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Peninsula trappers giving pelts to scouts

Posted: Monday, December 22, 2003

Last month, Girls Scouts from Fairbanks made national news after People for the Ethical Treatment of Animals (PETA) cried foul over the troops trapping of beavers.

But some local trappers have banded together to show their support for the scouts' project.

The Kenai Peninsula Trapper's Association (KPTA) has agreed to donate several furs to Girl Scout Troop 34.

"We thought it would be a good thing to do," said KPTA member and 14-year trapping veteran Roy Smith. "We wanted to ensure that the girls would have enough furs to make the hats, mittens and other items they had intended to make before PETA got involved."

The trappers' reasons for supporting the Girl Scouts were many.

"Well, not only were the Girls Scouts learning about nature, diversity and the circle of life, but they were also trapping ethically, legally, and were planning on using the entire animal not just the fur," Smith said.

"Also, the beavers they were trapping were damaging the environment."

Smith explained that on the lower Chena River in Fairbanks the beavers are causing flooding and damage that can harm other species.

Also, the beavers numbers are so high that they are out-competing each other. If the population isn't curbed in some way as through trapping beavers could end up starving to death.

According to Smith, the Girl Scouts were helping the state. The Alaska Department of Fish and Game not only was behind them, but is overseeing it, too, Smith said.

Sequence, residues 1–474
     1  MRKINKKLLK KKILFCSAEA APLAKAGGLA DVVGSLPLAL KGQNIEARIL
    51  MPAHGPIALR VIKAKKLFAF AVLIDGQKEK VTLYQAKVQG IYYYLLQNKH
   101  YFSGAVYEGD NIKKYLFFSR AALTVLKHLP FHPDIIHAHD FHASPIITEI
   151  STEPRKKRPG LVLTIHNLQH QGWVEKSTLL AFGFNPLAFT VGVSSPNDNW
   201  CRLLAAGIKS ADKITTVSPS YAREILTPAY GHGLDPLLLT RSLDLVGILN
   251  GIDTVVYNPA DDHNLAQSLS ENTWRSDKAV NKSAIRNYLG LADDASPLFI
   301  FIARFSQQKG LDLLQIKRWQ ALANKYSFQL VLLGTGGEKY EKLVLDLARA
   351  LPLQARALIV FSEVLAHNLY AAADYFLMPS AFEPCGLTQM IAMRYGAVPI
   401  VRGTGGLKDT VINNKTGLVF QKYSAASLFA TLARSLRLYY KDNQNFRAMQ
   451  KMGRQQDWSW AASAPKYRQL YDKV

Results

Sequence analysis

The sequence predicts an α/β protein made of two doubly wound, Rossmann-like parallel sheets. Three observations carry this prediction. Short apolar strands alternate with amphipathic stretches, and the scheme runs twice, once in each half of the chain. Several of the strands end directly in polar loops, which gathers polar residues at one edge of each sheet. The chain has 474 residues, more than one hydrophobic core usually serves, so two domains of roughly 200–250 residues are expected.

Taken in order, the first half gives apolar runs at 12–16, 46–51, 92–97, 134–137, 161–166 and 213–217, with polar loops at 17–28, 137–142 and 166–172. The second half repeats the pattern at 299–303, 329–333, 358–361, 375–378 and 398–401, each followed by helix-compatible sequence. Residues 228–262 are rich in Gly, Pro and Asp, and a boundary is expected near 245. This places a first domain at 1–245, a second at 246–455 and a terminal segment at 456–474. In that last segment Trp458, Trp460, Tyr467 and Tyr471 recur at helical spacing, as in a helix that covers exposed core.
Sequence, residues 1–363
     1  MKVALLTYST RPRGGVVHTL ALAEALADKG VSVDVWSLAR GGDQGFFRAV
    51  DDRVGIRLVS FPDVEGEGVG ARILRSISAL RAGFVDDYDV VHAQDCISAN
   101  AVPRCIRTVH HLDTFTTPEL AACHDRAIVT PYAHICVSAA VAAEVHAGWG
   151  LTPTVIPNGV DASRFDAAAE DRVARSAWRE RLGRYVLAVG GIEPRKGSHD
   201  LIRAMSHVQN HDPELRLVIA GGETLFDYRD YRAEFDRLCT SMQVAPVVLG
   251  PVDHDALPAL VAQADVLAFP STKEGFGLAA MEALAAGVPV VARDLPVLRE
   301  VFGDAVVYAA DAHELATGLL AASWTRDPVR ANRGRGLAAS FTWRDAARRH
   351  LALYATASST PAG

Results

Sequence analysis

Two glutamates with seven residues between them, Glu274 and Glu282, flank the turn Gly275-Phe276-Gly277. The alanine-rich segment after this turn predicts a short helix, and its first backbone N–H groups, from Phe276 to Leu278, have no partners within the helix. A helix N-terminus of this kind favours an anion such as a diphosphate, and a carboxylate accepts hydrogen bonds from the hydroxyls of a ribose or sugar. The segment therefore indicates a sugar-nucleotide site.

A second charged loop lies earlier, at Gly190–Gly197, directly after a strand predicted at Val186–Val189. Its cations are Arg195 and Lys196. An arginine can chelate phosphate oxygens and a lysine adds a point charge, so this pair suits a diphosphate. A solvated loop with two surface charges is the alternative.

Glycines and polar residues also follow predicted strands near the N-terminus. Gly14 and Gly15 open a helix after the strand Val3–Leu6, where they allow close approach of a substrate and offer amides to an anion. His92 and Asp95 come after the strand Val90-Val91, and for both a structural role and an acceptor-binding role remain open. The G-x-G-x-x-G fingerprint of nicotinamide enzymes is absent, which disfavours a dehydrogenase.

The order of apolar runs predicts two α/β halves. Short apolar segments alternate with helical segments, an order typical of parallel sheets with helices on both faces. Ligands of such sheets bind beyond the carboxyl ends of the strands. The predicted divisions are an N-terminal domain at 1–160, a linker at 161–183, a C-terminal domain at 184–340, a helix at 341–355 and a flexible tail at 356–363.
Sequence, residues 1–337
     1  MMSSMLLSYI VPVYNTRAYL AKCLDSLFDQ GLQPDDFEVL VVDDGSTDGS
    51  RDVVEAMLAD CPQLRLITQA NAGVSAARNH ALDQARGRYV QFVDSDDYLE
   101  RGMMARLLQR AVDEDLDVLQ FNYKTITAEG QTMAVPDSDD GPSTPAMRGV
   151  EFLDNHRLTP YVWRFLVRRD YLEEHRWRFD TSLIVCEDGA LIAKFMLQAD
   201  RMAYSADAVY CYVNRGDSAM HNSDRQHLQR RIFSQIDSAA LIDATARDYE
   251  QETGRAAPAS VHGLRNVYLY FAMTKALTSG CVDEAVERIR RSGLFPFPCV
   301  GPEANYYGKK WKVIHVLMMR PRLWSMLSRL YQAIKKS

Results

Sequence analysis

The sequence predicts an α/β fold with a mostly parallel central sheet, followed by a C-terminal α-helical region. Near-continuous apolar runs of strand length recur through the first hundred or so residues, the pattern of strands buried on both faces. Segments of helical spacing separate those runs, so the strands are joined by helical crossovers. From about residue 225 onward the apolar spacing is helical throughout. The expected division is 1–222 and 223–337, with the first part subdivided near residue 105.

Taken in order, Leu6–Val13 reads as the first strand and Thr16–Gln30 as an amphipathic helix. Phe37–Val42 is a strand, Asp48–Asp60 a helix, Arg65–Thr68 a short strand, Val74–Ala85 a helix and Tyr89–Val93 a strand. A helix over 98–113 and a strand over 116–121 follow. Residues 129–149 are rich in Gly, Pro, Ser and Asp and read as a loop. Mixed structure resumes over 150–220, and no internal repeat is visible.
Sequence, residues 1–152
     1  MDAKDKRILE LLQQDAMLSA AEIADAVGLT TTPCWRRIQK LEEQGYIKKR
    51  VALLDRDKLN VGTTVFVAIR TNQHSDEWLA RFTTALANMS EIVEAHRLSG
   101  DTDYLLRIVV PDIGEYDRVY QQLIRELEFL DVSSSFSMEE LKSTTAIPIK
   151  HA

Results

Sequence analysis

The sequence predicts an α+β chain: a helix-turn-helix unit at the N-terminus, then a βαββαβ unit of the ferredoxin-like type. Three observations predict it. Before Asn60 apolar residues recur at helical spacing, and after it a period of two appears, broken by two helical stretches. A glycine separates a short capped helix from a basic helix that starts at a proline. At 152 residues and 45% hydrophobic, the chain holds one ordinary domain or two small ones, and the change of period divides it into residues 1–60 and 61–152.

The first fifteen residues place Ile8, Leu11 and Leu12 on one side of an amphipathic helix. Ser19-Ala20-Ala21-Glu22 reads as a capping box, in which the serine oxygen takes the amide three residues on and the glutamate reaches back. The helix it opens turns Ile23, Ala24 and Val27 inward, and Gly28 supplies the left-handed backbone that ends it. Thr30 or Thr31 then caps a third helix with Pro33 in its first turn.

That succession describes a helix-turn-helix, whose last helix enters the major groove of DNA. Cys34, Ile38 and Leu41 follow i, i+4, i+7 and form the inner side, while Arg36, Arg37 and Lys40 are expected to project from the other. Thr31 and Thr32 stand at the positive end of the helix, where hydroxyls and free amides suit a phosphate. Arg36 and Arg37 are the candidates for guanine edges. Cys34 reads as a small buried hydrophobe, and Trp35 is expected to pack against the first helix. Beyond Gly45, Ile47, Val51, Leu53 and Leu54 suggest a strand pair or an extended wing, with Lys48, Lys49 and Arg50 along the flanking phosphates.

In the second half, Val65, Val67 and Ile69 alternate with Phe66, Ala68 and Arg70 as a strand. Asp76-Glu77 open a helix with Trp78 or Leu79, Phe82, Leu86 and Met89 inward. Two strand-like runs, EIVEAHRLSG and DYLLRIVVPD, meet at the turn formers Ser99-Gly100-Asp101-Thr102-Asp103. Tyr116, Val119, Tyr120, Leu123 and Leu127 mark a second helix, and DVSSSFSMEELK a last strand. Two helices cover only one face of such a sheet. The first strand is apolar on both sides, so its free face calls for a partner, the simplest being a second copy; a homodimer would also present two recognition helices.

The trappers believe not only was the controversy over this issue a matter of differing ideologies, but also a bit of cultural misunderstanding on the part of PETA.

"Here in Alaska, trapping and wearing fur is a tradition that's gone on for hundreds of years," said Craig Lott, KPTA chair. "Here it's as much about function as it is fashion. Fur serves a purpose. It's warmer ask any dog musher, they'll tell you.

"The mentality to trapping is different here. This is our cause and our beliefs, but we get attacked for them by groups like PETA. Their cause is, of course, animals shouldn't be used for consumptive use," Lott said.

However, he said he believes there may be a duplicitous agenda beneath PETA's public policy.

"They use propaganda," he said. "They bring attention to their cause to generate donations. It's all about money. They claim they are nonprofit, but the people at the top are getting paid huge salaries to oppose issues like trapping.

"I think if they really believed in their cause, they should do it for free."

Lott donated furs to the Girl Scouts. In all, the group has collected six beavers, one coyote and one wolverine.

"Anytime we can help, we try to," Lott said. "Hopefully this will help the girls out."

The trappers plan to mail the package to the troop this week.



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